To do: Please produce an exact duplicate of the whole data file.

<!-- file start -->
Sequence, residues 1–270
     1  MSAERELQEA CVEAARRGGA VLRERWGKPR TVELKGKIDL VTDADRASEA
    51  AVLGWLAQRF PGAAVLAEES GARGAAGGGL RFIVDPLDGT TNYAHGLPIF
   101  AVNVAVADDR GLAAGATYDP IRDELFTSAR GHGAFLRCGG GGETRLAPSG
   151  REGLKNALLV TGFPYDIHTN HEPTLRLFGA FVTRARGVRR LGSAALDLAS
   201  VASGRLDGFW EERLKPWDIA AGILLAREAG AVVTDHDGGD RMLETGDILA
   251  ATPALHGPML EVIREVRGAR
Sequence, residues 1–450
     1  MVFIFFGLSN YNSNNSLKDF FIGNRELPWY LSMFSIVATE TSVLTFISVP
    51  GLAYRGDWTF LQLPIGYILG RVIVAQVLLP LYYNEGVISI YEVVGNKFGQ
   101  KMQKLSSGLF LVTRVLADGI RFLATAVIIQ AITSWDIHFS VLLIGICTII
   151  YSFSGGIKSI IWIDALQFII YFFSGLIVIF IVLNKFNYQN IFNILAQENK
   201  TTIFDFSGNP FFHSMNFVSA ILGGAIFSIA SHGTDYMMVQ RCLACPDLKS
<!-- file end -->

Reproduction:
Sequence, residues 1–270
     1  MSAERELQEA CVEAARRGGA VLRERWGKPR TVELKGKIDL VTDADRASEA
    51  AVLGWLAQRF PGAAVLAEES GARGAAGGGL RFIVDPLDGT TNYAHGLPIF
   101  AVNVAVADDR GLAAGATYDP IRDELFTSAR GHGAFLRCGG GGETRLAPSG
   151  REGLKNALLV TGFPYDIHTN HEPTLRLFGA FVTRARGVRR LGSAALDLAS
   201  VASGRLDGFW EERLKPWDIA AGILLAREAG AVVTDHDGGD RMLETGDILA
   251  ATPALHGPML EVIREVRGAR
Sequence, residues 1–450
     1  MVFIFFGLSN YNSNNSLKDF FIGNRELPWY LSMFSIVATE TSVLTFISVP
    51  GLAYRGDWTF LQLPIGYILG RVIVAQVLLP LYYNEGVISI YEVVGNKFGQ
   101  KMQKLSSGLF LVTRVLADGI RFLATAVIIQ AITSWDIHFS VLLIGICTII
   151  YSFSGGIKSI IWIDALQFII YFFSGLIVIF IVLNKFNYQN IFNILAQENK
   201  TTIFDFSGNP FFHSMNFVSA ILGGAIFSIA SHGTDYMMVQ RCLACPDLKS